If the Yankees want to signal both players and fans alike, there’s no better place to start than with Gary Sanchez.
By now, the Yankees and Brian Cashman (hopefully) know they can’t even win a division title with the team they have.
Change is needed, and the Yankees roster will likely not look like it does today on Opening Day 2022.
Over the past six years, no Yankees’ player has occupied more space in past columns than Gary Sanchez. Without argument, he has been the most vilified and enigmatic personality on a Yankees’ team filled with players who have underperformed in recent seasons.
Gary Sanchez is unique, though, because, for the most part, he appears to be a player who has worked hard, significantly to improve his catching prowess, albeit with results that do not measure up to major league standards.
Sanchez has been coddled and protected by the Yankees, provided with a specialized coach, and awarded raises that are not warranted by the numbers.
The futility of these efforts is indicative of a Yankees team that is underperforming and a sign that Brian Cashman needs to send a wake-up to the entire team that more of the same is not acceptable. You can expect to be held accountable.
Yankees: A Divorce That Is Good For Everyone
Forgetting for a moment that many fans and perhaps some of the Yankees’ players hold Cashman accountable, trading Sanchez at the earliest possible moment send up a flare that accomplishes two things.
First, it gives Sanchez a clean start with another team, and perhaps even in another league if the universal DH is adopted, as expected.
And second, if done speedily, it provides the Yankees with time to find a replacement catcher, assuming it is agreed that Kyle Higashioka is a premier backup catcher who falls short as an everyday player.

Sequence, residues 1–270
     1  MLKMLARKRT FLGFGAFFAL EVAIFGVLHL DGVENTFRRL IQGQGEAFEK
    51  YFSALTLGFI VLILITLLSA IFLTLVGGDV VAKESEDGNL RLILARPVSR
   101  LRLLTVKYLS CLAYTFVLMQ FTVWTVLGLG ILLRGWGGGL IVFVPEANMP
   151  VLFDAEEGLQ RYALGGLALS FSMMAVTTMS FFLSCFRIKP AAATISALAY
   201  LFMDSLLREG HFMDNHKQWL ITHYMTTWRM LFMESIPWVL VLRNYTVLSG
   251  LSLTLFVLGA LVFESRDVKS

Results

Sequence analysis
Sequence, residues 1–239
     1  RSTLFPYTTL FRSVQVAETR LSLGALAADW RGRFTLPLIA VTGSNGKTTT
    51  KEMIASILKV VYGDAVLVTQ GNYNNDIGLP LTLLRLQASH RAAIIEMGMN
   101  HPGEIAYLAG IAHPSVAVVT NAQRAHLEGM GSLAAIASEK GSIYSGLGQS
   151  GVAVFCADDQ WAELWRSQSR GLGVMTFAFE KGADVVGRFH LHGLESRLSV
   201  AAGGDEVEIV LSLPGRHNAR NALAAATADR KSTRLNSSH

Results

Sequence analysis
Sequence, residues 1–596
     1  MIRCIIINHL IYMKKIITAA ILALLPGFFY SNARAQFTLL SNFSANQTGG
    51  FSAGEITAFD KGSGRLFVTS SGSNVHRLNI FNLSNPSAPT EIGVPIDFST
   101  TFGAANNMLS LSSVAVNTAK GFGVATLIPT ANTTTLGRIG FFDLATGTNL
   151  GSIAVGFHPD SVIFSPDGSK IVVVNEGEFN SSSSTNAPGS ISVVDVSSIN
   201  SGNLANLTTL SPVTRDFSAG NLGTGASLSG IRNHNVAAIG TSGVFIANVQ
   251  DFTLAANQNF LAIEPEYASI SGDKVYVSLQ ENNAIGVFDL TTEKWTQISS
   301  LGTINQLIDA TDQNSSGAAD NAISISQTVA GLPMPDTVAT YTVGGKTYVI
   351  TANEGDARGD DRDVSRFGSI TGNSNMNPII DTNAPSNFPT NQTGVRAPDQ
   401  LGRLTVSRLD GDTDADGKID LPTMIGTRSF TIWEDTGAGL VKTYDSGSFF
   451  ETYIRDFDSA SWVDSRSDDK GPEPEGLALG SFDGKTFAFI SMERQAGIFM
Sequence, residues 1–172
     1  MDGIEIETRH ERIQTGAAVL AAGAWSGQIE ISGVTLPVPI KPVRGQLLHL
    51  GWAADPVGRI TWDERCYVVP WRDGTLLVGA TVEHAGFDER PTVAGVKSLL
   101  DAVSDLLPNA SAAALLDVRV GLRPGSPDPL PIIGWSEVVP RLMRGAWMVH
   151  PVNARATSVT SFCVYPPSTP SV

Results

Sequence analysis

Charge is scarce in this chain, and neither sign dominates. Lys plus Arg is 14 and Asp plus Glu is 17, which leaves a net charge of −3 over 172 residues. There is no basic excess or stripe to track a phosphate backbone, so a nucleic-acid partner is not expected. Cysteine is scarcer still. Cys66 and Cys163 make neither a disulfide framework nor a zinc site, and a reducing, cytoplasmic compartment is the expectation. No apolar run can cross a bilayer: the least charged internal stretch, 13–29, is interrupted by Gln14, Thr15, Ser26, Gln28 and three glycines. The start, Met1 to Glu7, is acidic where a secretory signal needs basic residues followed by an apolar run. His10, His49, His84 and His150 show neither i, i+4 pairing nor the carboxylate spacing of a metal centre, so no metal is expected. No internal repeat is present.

A scan of the 2022 free-agent catchers shows possibilities, but all are 30 or older. Buster Posey heads the list, but he’s not going anywhere, while Mike Zunino (TB) and Christian Vasquez (BOS) get an honorable mention for being on playoff teams this year.
Even so, the positive outweighs the negative in shedding Sanchez, just as those 23 home runs do not outweigh a .204 batting average, a 1:3 strikeout rate, and sub-par OPS+.
Gary Sanchez: The Good Outweighs The Bad
Expelling Gary Sanchez will not be met well by his loyal contingent of fans in the Yankees Latino fan base. But I suspect that they would like to see Sanchez with a chance to thrive in a new environment, far removed from the pressure-cooker of New York.
From there, the Yankees would then be able to move forward with other subtractions that make way for additions that improve the team going into 2022.
Admittedly, that’s quite a list. But if the Yankees are serious about transforming the team into one built to compete in the 2020s – though that willingness is not something we can take for granted – then a major overhaul of the team is necessary.
Gary Sanchez is the poster boy for all that has gone wrong for the Yankees in recent years, and if they’ve failed to win anything of consequence with Sanchez and the others – then the worse that can happen is the Yankees lose again without them.